Nov. 29, 2006 Researchers have found a gap between water and a water-repelling surface that can give new insight into the way water and oil separate. By using high-energy X-rays at the ESRF, an international team defined the size and characteristics of this gap. The knowledge of the structure of a hydrophobic interface is important because they are crucial in biological systems, and can give insight in protein folding and stability. The researchers publish their results this week in PNAS Early Online Edition.
The repulsion of water is a phenomenon present in many aspects of our lives. Detergent molecules are made up of components attracted to water (hydrophilic) and others that repel it (hydrophobic). Proteins also use the interaction with water to assemble into complexes. However, studying hydrophobic structures and what occurs when they encounter water is not entirely straightforward as it is influenced by certain factors. Early studies of the gap formed between water and a hydrophobic surface did not show a coherent picture.
Scientists from the Max Planck Institute for Metals Research (Germany), the University of South Australia (Adelaide) and the ESRF carried out experiments on silicon wafers covered by a water-repulsive layer on the surface, at ESRF beamline ID15. The wafers were then immersed in water by a special cell. Studies of the water structure at the interface of the hydrophobic layer confirmed that a gap is formed between the layer and water and that its size is the diameter of a water molecule, somewhere between 0.1 and 0.5 nanometres. The integrated density deficit at the interface amounts to half a monolayer of water molecules.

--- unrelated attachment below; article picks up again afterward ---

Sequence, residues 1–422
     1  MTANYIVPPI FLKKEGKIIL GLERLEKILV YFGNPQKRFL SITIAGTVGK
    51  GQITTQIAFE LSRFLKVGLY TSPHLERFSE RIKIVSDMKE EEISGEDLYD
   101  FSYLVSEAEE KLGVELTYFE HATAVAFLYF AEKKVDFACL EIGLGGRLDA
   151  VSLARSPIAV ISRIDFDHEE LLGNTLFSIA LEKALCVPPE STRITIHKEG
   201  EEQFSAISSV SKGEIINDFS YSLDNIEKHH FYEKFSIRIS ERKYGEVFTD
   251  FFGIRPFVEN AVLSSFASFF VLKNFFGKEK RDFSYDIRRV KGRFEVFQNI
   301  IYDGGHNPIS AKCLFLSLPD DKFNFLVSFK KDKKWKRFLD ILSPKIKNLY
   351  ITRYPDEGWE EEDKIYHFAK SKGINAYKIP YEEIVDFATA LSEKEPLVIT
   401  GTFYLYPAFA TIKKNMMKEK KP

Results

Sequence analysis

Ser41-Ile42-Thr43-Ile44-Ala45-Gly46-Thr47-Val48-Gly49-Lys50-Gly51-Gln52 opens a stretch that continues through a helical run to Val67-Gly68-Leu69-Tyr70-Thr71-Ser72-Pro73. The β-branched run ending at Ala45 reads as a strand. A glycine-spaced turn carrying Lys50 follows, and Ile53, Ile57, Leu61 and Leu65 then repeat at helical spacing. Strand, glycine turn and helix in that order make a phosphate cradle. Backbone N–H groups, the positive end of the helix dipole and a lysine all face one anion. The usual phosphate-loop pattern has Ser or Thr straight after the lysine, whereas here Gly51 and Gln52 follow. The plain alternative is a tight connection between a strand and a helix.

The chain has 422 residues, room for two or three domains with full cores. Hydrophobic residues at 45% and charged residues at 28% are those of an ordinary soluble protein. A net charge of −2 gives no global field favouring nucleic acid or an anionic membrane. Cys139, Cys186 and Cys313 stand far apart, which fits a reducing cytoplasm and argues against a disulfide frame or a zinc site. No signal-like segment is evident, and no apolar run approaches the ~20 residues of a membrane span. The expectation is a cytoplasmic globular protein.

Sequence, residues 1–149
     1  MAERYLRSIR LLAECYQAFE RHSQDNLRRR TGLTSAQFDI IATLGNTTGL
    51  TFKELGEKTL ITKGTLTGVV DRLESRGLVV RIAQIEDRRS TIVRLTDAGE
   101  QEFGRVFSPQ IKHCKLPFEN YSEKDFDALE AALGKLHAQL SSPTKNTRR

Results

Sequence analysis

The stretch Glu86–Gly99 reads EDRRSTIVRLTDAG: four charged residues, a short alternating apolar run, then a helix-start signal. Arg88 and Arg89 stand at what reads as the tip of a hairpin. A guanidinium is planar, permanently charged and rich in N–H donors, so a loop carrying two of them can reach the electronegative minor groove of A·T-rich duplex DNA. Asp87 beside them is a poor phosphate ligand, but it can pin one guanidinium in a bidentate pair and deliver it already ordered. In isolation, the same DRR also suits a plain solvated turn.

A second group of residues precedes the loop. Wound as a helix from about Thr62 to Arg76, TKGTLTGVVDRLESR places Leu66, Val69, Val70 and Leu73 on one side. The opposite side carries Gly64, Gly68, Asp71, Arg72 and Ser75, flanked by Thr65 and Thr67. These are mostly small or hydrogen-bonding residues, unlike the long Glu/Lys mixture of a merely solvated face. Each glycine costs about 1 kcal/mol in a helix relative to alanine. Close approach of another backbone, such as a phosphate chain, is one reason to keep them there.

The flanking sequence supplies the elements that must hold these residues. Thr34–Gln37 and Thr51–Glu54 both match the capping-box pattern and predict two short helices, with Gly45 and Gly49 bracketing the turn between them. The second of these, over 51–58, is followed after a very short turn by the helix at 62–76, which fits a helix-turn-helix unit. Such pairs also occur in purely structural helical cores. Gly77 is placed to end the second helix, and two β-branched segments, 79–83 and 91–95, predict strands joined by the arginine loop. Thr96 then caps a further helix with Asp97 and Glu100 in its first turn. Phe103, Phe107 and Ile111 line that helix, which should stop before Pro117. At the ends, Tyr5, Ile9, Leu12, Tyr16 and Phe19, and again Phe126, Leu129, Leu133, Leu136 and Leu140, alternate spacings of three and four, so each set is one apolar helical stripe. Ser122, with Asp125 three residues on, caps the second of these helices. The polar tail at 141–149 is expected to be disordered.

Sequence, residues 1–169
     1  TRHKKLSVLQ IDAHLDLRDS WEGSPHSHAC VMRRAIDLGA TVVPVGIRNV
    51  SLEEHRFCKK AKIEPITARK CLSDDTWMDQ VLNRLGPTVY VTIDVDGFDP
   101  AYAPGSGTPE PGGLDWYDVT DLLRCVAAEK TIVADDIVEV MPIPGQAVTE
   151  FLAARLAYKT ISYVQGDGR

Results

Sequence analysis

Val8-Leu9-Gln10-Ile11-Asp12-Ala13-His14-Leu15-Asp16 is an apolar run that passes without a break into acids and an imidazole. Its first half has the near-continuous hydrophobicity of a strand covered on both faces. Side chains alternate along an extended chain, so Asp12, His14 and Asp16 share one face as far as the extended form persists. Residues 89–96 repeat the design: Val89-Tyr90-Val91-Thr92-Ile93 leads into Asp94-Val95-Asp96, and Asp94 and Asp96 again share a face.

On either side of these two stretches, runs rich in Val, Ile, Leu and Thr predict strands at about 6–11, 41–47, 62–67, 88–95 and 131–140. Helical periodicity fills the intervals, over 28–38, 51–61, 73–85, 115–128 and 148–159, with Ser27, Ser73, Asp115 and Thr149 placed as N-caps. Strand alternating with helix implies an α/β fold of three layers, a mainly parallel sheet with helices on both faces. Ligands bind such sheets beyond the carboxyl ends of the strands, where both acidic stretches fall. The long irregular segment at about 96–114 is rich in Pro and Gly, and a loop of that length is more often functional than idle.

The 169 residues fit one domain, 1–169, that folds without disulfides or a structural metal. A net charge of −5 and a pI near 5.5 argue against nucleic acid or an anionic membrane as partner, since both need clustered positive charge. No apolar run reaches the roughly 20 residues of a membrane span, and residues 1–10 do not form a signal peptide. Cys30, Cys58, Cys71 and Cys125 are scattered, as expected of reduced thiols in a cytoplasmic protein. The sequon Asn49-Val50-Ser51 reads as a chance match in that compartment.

The scientists did further experiments in order to test the influence of gas, which is naturally present in water, on the hydrophobic water gap. During all their experiments they kept the water ultra clean (unlike water in nature) and they introduced gas into the cell until saturation. The result shows that, contrary to previous reports, gas does not play a role in the structure of water at flat interfaces.
This is the first time that high energy synchrotron X-rays have been used as a tool to measure the properties of this gap. "Some teams have used neutrons, but they didn't have enough resolution, after all, the gap is extremely small and difficult to track," explained Harald Reichert, the paper’s corresponding author. Despite the superior quality of the X-ray beam, the experiment was still a challenge: the water-repellent layer on the silicon wafer can survive only 50 seconds under the beam, so measurements had to be completed very quickly.
The next step for the team is to produce porous structures and study the properties of water at confined pore interfaces. "These studies will increase our knowledge of how water behaves in different environments. The structure of water in these environments is still, somewhat a mystery to us, despite the fact that our world is surrounded by water", declared Reichert.
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